The singer claims she was duped into participating in the "sensational" documentary, dubbed Biggie and Faith Evans, explaining, and now regrets her involvement.
"I feel upset that I'm attached to it," Faith tells the New York Post's gossip column Page Six. "I was told that it would be a positive piece with a little more of my personal background. It wasn't pitched to me as a story rehashing the sensationalised events that took place.
"I am beyond that and have no need to open old wounds, damage repaired relationships and, above all, soil the legacy of Christopher Wallace, a k a The Notorious B.I.G."
A promo for the new show promises to, "revisit the most intimate moments of their relationship... from their whirlwind engagement, to Biggie's ongoing affairs with Lil' Kim and Charli Baltimore, to the East Coast-West Coast rivalry that led to Tupac Shakur and Big's deaths."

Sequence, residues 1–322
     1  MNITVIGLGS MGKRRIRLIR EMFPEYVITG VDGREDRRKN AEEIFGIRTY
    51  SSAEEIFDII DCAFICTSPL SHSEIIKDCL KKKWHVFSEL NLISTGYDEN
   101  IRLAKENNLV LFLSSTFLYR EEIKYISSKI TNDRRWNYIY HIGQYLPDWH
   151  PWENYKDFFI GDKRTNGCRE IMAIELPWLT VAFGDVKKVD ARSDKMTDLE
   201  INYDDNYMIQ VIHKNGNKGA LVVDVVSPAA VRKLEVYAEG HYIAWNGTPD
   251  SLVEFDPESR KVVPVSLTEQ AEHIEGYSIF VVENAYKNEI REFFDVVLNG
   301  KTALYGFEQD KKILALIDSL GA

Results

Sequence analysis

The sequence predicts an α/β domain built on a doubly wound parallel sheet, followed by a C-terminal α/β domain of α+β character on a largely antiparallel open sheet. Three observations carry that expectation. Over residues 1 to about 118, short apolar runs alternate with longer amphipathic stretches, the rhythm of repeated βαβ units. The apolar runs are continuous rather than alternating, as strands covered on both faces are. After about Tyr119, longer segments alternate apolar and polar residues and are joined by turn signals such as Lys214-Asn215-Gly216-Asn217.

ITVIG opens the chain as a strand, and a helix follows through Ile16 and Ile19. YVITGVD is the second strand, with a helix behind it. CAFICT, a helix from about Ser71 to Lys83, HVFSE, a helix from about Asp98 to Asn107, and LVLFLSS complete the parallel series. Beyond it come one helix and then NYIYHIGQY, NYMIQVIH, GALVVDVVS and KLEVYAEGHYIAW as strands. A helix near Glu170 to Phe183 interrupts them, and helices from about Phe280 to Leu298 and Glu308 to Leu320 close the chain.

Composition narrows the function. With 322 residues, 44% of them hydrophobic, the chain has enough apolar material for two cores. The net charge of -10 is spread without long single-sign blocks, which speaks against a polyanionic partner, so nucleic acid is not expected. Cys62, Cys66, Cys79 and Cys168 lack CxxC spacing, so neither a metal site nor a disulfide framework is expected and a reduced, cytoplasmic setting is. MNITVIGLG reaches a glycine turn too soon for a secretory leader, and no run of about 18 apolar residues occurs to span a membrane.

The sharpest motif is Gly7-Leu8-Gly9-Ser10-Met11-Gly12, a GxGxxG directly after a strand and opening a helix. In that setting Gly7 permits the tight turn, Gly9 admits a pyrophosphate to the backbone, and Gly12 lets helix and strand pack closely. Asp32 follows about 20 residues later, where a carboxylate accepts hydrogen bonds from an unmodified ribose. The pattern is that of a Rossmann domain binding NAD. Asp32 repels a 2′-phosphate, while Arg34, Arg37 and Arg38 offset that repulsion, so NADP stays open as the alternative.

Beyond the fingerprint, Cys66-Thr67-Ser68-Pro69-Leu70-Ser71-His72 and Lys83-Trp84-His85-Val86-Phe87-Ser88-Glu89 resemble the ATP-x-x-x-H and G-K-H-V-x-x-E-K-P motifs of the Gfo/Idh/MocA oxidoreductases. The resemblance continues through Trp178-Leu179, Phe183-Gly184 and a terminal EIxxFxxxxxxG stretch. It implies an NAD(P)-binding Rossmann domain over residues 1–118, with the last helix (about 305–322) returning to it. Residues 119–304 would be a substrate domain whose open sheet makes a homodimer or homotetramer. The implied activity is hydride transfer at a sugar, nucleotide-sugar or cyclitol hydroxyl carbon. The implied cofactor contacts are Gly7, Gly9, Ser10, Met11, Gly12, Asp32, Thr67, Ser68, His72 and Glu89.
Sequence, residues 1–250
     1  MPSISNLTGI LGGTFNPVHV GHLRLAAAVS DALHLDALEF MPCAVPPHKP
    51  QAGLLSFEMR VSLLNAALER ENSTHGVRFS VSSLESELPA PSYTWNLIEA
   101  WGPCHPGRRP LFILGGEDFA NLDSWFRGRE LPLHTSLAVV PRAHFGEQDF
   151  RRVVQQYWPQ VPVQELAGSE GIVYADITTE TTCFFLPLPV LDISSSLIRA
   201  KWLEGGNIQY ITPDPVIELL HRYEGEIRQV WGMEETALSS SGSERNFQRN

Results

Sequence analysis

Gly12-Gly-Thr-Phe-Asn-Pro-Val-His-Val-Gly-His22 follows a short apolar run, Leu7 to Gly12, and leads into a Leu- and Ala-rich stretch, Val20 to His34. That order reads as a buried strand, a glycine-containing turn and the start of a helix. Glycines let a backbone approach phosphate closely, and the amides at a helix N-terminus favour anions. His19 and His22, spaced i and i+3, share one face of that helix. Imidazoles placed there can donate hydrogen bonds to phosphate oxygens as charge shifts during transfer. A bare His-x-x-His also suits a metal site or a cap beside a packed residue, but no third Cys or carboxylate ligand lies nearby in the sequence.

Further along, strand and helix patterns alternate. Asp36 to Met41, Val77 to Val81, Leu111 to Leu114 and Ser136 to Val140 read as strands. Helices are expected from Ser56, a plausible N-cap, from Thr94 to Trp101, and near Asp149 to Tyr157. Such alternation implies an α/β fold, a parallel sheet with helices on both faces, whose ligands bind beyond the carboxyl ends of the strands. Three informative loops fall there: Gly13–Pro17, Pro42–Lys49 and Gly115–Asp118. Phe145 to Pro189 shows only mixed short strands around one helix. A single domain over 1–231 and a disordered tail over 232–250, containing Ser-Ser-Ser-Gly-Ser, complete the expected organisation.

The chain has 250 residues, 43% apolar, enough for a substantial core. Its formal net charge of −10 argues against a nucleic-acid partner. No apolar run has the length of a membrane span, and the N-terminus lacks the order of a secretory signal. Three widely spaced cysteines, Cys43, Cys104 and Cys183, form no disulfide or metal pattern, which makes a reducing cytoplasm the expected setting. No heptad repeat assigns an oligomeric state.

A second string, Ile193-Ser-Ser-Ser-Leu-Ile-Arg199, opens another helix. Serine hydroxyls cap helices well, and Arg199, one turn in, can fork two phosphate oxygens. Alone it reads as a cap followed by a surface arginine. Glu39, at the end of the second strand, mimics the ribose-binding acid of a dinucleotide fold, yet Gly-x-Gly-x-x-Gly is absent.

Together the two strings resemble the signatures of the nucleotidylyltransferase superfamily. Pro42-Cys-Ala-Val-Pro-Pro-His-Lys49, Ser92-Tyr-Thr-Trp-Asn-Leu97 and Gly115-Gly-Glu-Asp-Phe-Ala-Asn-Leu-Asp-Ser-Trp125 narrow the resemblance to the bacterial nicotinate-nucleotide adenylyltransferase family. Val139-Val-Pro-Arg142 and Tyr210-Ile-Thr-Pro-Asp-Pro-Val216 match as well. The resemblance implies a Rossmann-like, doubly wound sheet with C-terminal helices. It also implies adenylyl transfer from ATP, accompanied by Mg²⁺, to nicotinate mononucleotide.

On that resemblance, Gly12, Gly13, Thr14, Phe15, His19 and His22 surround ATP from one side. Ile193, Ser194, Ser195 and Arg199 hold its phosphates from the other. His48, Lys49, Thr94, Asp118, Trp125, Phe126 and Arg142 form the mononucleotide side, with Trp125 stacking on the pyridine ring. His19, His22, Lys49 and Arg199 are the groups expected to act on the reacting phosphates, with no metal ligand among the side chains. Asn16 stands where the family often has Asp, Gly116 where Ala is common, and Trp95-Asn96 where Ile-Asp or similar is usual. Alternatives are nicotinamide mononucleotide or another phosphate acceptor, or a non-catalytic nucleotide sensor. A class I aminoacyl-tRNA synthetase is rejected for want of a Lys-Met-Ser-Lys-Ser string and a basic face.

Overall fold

But Evans maintains the programme was "supposed to be a love story", lamenting: "The Tupac stuff, the different women - how many times are people going to talk about that?".
She went on to insist the rapper's mother, Voletta Wallace, is also "p**sed" over the project, and claims the expose is "taking steps backward", regarding the Rock & Roll Hall of Fame nominee's legacy.
Evans is refusing to promote the TV special, stating: "It's about my morals. I would never do business I'm not proud of at this point in my career. I'm not happy."
The Notorious B.I.G. was murdered by an unknown assailant in a drive-by shooting in Los Angeles, California on 9 March 1997.